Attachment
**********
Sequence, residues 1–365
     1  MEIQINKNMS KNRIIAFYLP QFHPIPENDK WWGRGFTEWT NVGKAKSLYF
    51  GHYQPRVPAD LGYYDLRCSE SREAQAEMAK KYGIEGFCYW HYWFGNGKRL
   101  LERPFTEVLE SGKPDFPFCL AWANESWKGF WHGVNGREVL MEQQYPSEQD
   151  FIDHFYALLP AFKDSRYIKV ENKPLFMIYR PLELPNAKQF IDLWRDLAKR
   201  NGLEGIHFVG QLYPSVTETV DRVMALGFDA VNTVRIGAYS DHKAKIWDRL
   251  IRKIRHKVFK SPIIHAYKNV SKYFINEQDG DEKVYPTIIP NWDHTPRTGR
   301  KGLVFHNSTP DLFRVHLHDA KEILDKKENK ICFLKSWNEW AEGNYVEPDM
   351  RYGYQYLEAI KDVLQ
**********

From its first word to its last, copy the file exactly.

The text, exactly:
Sequence, residues 1–365
     1  MEIQINKNMS KNRIIAFYLP QFHPIPENDK WWGRGFTEWT NVGKAKSLYF
    51  GHYQPRVPAD LGYYDLRCSE SREAQAEMAK KYGIEGFCYW HYWFGNGKRL
   101  LERPFTEVLE SGKPDFPFCL AWANESWKGF WHGVNGREVL MEQQYPSEQD
   151  FIDHFYALLP AFKDSRYIKV ENKPLFMIYR PLELPNAKQF IDLWRDLAKR
   201  NGLEGIHFVG QLYPSVTETV DRVMALGFDA VNTVRIGAYS DHKAKIWDRL
   251  IRKIRHKVFK SPIIHAYKNV SKYFINEQDG DEKVYPTIIP NWDHTPRTGR
   301  KGLVFHNSTP DLFRVHLHDA KEILDKKENK ICFLKSWNEW AEGNYVEPDM
   351  RYGYQYLEAI KDVLQ